A contemporaneous report of the Battle at Fromelles was carried in the New York Times of 22 July 1916. The information from the German War Office proved to be very accurate although never seen in any of the Allied nations in order to maintain morale. The article was well balanced giving equal weight to reports from all the combatants.
LONDON, July 21.-
The British have been pushing forward their front on their line running east from below Pozieres to the Delville Wood. Foureaux or High Wood, half way between Longueval and Martinpuich, has been entered and occupied, but German counterattacks have been able to win back half of the wood.
The Germans In an attack on the British on the northern edge of the Leipsic redoubt on the west of the front of attack succeeded in occupying British front trenches, but later were driven out, according to the British official communication issued at midnight. Elsewhere along the British front comparative calm prevailed today.
Some idea of the huge forces now engaged in the battle of the Somme in northern France is given in the official statement from Berlin tonight, in which it is stated that more than 200,000 French and British troops attacked the German lines north and south of the Somme Thursday on a front of twenty five miles.
Third German Line Reached.
The British have again pressed forward to the German third line in the Foureaux wood, northeast of Longueval. This wood is an important strategic point, the capture of which would bring the forces of General Haig to the highest point on the ridge commanding the German positions in the less hilly country beyond, which is not so much broken up and not wooded, lending itself not so well to defense. This probably explains the desperate attempts of the Germans to hold the wood where the heavy fighting continues.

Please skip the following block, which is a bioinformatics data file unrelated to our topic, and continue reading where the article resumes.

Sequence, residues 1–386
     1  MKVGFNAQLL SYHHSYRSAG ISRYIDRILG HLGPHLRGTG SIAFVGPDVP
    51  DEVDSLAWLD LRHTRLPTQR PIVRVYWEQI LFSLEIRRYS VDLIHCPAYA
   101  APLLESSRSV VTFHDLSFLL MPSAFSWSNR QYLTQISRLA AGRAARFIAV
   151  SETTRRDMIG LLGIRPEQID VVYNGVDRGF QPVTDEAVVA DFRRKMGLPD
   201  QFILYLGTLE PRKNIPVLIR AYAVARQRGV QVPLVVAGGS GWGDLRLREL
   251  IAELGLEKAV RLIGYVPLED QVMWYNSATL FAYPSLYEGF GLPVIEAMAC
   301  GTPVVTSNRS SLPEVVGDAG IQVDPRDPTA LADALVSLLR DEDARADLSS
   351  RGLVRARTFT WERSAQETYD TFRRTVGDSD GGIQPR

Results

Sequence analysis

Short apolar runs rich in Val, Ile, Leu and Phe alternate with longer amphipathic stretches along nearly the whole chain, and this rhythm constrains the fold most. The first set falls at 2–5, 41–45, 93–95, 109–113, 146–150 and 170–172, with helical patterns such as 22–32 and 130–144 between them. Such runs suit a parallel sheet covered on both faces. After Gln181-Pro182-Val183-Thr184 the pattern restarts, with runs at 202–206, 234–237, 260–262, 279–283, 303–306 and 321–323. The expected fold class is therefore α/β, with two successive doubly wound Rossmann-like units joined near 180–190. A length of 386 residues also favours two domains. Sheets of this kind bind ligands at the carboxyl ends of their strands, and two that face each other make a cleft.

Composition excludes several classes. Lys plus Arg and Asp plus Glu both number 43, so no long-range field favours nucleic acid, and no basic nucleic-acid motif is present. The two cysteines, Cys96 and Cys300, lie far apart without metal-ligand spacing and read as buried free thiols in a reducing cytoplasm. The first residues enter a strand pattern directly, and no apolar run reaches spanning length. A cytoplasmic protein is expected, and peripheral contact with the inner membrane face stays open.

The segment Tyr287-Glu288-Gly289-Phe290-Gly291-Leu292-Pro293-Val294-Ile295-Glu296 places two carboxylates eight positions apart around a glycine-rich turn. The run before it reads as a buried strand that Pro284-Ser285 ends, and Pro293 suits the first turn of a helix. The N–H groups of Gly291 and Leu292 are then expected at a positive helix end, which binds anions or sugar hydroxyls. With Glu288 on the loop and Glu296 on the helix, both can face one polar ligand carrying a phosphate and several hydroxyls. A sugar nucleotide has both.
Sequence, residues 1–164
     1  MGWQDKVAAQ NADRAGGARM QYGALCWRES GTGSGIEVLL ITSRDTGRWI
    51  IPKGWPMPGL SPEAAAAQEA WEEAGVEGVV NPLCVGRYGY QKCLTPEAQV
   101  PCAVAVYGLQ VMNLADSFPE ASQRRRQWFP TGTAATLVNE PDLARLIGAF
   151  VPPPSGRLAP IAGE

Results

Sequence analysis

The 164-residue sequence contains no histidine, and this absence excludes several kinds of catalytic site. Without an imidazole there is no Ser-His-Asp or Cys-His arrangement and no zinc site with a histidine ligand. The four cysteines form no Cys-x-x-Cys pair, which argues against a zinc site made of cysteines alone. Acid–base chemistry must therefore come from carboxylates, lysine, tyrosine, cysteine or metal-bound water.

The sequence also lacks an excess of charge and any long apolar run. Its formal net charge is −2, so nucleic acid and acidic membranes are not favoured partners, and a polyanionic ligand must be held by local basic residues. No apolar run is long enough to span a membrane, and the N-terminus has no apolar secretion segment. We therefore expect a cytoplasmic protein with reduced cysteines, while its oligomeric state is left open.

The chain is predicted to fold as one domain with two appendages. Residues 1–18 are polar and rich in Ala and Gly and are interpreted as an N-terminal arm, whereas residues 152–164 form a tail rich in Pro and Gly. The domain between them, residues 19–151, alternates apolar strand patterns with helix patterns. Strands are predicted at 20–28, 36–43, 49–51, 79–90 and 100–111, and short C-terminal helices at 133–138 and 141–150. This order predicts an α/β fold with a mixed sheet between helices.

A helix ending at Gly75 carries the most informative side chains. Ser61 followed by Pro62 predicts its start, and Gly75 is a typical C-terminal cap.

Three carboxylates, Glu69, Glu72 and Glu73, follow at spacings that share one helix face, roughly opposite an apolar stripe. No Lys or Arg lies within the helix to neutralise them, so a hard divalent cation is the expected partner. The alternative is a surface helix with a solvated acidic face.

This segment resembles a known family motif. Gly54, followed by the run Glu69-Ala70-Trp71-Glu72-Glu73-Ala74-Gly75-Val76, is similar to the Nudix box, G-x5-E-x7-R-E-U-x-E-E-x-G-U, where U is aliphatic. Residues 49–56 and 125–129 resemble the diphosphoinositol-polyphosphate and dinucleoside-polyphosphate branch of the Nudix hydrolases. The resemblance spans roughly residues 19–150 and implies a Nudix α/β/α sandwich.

The Associated Press correspondent at the front states the Germans are bringing masses of troops from Verdun and guns from other points in an endeavour to stem the Allied advance. Meantime, the Indications are that the Allies are testing the strength of the German line at other points. The trench raid by Australian troops in the neighborhood of Armentières attracts much interest in this connection.
This attack by British forces against the Germans which was at Fromelles, north of La Bassee, on Wednesday, resulted in the loss by the attackers of more than 2,000 men Killed and nearly 500 men made prisoners, according to a statement given out by the German War Office today.
The statement admits that the German line along a front of about three kilometers (two miles) south of Hardecourt was driven from its first trenches into its second trenches, 800 meters is the rear. Enemy forces, the statement says, penetrated into the German salient at the Wood of Vermandovillers.
French Heavily Attacked.
Positions captured yesterday by the French south of the Somme were subjected to a vigorous counterattack during the night. The Germans charged the French lines south of Soyecourt but, the French War office announced today, suffered heavy losses and were driven back in disorder.
A strong German detachment which advanced to the attack in the Chaulnes region was repulsed with the bayonet.
Between Soissons and Rheims the French penetrated a German trench, clearing it of its defenders.
On the Verdun front the artillery was active on both aides in the vicinity of Chattancourt and Fleury.
This is the British official statement given out in the afternoon:
The battle continues without intermission between the Leipsic redoubt on the west and Delville Wood on the east. North of the Bazentin-Lonqueval line the British advance has been' pushed to Foureaux Wood, from which we drove the enemy. During the night the enemy counterattacked, attacked, after an intense bombardment with gas shells, and succeeded in effecting entry into the northern part of the wood, but failed to dislodge us from the southern half.
Elsewhere there is no change.
Lull During the Day.
The British official statement issued tonight follows:
Except for local encounters there has been a comparative lull in the main battle area today (Friday) and there has been no change in the situation since the last report.
The enemy made a bombing attack on the north edge of our positions in the Leipsic salient and succeeded at one point in entering our front trenches, but at once was driven, out.